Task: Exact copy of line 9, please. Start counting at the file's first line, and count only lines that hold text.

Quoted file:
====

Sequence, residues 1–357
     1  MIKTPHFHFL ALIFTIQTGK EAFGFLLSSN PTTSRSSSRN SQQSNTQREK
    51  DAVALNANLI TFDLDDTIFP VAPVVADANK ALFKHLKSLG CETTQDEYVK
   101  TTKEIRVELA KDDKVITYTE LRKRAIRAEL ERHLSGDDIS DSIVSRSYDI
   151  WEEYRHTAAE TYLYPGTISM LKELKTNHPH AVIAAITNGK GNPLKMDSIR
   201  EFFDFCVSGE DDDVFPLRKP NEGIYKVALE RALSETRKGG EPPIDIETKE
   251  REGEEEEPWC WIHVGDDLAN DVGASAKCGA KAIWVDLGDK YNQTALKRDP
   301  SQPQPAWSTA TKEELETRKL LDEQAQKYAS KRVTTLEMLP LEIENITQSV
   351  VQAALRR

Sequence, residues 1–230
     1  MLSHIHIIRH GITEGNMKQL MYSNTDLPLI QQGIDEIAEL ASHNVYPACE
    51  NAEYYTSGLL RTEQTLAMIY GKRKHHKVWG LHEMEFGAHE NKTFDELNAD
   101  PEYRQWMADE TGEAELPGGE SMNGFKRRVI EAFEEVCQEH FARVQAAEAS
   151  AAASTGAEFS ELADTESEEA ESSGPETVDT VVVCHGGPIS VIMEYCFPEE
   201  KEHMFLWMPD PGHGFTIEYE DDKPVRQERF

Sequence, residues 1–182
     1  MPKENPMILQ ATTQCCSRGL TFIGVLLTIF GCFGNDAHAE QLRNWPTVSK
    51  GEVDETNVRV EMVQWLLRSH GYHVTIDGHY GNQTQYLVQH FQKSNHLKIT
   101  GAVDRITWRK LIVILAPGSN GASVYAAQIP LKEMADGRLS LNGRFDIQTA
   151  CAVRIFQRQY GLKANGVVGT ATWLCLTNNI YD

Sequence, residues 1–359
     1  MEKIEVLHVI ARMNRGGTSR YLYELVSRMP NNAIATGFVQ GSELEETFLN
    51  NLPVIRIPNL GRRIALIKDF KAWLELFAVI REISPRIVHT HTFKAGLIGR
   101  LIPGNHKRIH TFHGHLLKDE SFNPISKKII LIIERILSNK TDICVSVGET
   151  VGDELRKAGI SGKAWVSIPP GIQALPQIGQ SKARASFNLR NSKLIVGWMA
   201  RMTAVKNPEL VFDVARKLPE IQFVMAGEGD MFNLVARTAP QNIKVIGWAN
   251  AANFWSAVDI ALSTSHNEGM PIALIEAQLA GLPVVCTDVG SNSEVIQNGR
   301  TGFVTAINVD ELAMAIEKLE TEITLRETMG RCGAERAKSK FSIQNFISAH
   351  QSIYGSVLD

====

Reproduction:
   351  VQAALRR